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# Organizing Data Solved Problems for Beginning Statistics

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By — McGraw-Hill Professional
Updated on Apr 25, 2014

Review the following concepts if necessary:

### Raw Data

1. Classify the following data as either qualitative data or quantitative data. In addition, classify the quantitative data as discrete or continuous.
1. The number of times that a movement authority is sent to a train from a relay station is recorded for several trains over a two-week period. The movement authority, which is an electronic transmission, is sent repeatedly until a return signal is received from the train.
2. A physician records the follow-up condition of patients with optic neuritis as improved, unchanged, or worse.
3. A quality technician records the length of material in a roll product for several products selected from a production line.
4. The Bureau of Justice Statistics Sourcebook of Criminal Justice Statistics in reporting on the daily use within the last 30 days of drugs among young adults lists the type of drug as marijuana, cocaine, or stimulants (adjusted).
5. The number of aces in five-card poker hands is noted by a gambler over several weeks of gambling at a casino.

Ans.

1. The number of times that the moving authority must be sent is countable and therefore these data are quantitative and discrete.
2. These data are categorical or qualitative.
3. The length of material can be any number within an interval of values, and therefore these data are quantitative and continuous.
4. These data are categorical or qualitative
5. Each value in the data set would be one of the five numbers 0, 1, 2, 3, or 4. These data are quantitative and discrete.

### Frequency Distribution for Qualitative Data

Give a frequency distribution for these data.

Ans.     The academic ranks are tallied into the four possible categories and the results are shown in Table 2.13.

1. The following list gives the academic ranks of the 25 female faculty members at a small liberal arts college:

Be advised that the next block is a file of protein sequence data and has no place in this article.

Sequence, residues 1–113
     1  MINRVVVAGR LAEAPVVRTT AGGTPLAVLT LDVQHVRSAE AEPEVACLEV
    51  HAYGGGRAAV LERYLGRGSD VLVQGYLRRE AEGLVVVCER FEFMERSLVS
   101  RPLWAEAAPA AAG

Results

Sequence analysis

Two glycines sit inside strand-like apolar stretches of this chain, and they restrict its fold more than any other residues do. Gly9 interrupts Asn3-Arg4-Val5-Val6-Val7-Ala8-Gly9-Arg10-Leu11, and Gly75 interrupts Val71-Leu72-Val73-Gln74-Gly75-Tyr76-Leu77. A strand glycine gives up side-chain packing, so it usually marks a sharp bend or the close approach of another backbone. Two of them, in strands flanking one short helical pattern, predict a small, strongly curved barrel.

### Relative Frequency of a Category and Percentage

Ans.     Each frequency in Table 2.13 is divided by 25 to obtain the relative frequencies for the categories. The relative frequencies are then multiplied by 100 to obtain percentages. The results are shown in Table 2.14.

1. Give the relative frequencies and percentages for the categories shown in Table 2.13.
2. Refer to Table 2.14 to answer the following.
1. What percent of the female faculty have a rank of associate professor or higher?
2. What percent of the female faculty are not full professors?
3. What percent of the female faculty are assistant or associate professors?

Ans.

1. 24% + 12% = 36%
2. 16% + 48% + 24% = 88%
3. 48% + 24% = 72%

### Bar Graphs and Pie Charts

Ans.   The Excel horizontal bar graph for the distribution given in Table 2.15 is shown in Fig. 2-9.

Ans.   Table 2.16 illustrates the determination of the angles for each sector of the pie chart.

The Excel pie chart for the distribution given in Table 2.15 is shown in Fig. 2-10.

1. The subjects in an eating disorders research study were divided into one of three different groups. Table 2.15 gives the frequency distribution for these three groups. Construct a bar graph.
2. Construct a table showing the relative frequency and the size of the angles for the frequency distribution given in Table 2.15. Also use Excel to construct a pie chart.
3. A survey of 500 randomly chosen individuals is conducted. The individuals are asked to name their favorite sport. The STATISTIX pie chart in Fig. 2-11 summarizes the results of this survey.
1. How many individuals in the 500 gave baseball as their favorite sport?
2. How many gave a sport other than basketball as their favorite sport?
3. How many gave hockey or golf as their favorite sport?

Ans.

1. .3 × 500 = 150
2. .8 × 500 = 400
3. .2 × 500 = 100

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